This guide will help you find and view different types of ebooks in the National Library collections.

Peruse the NLA's online ebooks, ready to download - HERE

The Internet Archive and Digital Library

The Internet Archive is an American digital library with the stated mission of "universal access to all knowledge." It provides free public access to collections of digitised materials, including websites, software applications/games, music, movies, videos, moving images, and millions of public-domain books. There's lots of Australian materials amongst the millions of works on offer.


Avalon Youth Hub: More Meditation Spots

Due to popular demand our meditation evenings have EXPANDED. Two sessions will now be run every Wednesday evening at the Hub. Both sessions will be facilitated by Merryn at Soul Safaris.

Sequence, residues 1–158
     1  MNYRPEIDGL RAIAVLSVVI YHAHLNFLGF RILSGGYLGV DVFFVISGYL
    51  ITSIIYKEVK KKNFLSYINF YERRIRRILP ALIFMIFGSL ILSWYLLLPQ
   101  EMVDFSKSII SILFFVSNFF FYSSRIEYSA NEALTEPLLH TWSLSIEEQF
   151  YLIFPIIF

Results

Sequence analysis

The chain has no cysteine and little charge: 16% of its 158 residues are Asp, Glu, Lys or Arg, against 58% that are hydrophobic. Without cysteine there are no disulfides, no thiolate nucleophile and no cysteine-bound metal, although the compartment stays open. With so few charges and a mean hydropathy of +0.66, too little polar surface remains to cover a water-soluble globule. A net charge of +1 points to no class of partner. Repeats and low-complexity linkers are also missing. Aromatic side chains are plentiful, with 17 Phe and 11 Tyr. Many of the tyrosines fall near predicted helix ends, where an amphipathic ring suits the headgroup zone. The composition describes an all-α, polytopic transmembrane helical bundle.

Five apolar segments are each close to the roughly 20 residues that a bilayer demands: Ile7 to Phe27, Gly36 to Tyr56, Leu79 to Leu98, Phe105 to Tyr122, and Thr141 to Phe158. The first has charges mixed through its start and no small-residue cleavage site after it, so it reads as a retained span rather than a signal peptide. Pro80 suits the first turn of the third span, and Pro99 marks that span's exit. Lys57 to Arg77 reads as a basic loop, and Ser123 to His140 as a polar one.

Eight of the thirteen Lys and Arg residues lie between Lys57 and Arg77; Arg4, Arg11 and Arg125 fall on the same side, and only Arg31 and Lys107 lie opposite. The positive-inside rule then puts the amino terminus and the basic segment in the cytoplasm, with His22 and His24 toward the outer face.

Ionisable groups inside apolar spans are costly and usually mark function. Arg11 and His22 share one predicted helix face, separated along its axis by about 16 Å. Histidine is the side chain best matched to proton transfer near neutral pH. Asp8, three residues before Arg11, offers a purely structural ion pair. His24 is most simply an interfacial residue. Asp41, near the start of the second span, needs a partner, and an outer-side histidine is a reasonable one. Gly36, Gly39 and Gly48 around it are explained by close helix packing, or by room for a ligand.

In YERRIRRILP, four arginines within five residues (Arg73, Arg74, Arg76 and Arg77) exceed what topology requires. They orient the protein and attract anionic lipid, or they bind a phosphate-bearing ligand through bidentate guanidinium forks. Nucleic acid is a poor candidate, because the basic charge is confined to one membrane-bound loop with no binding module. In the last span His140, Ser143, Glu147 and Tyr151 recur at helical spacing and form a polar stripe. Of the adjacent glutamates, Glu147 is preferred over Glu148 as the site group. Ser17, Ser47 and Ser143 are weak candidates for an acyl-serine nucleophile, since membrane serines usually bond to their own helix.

6-7pm - 12 - 15 year olds welcome
7-8pm - 16 - 25 year olds welcome

No experience needed. Learn and develop your mindfulness and practice meditation in a group setting.

For all enquires, message us via facebook or email

BIG THANKS The Burdekin Association for funding these sessions!

Green Team Beach Cleans 

Hosted by The Green Team
It has been estimated that we will have more plastic than fish in the ocean by 2050...These beach cleans are aimed at reducing the vast amounts of plastic from entering our oceans before they harm marine life. 

Anyone and everyone is welcome! If you would like to come along, please bring a bucket, gloves and hat. Kids of all ages are also welcome! 

We will meet in front of the surf club. 
Hope to see you there!

The Green Team is a Youth-run, volunteer-based environment initiative from Avalon, Sydney. Keeping our area green and clean.

 The Project Gutenberg Library of Australiana

Australian writers, works about Australia and works which may be of interest to Australians.This Australiana page boasts many ebooks by Australian writers, or books about Australia. There is a diverse range; from the journals of the land and sea explorers; to the early accounts of white settlement in Australia; to the fiction of 'Banjo' Paterson, Henry Lawson and many other Australian writers.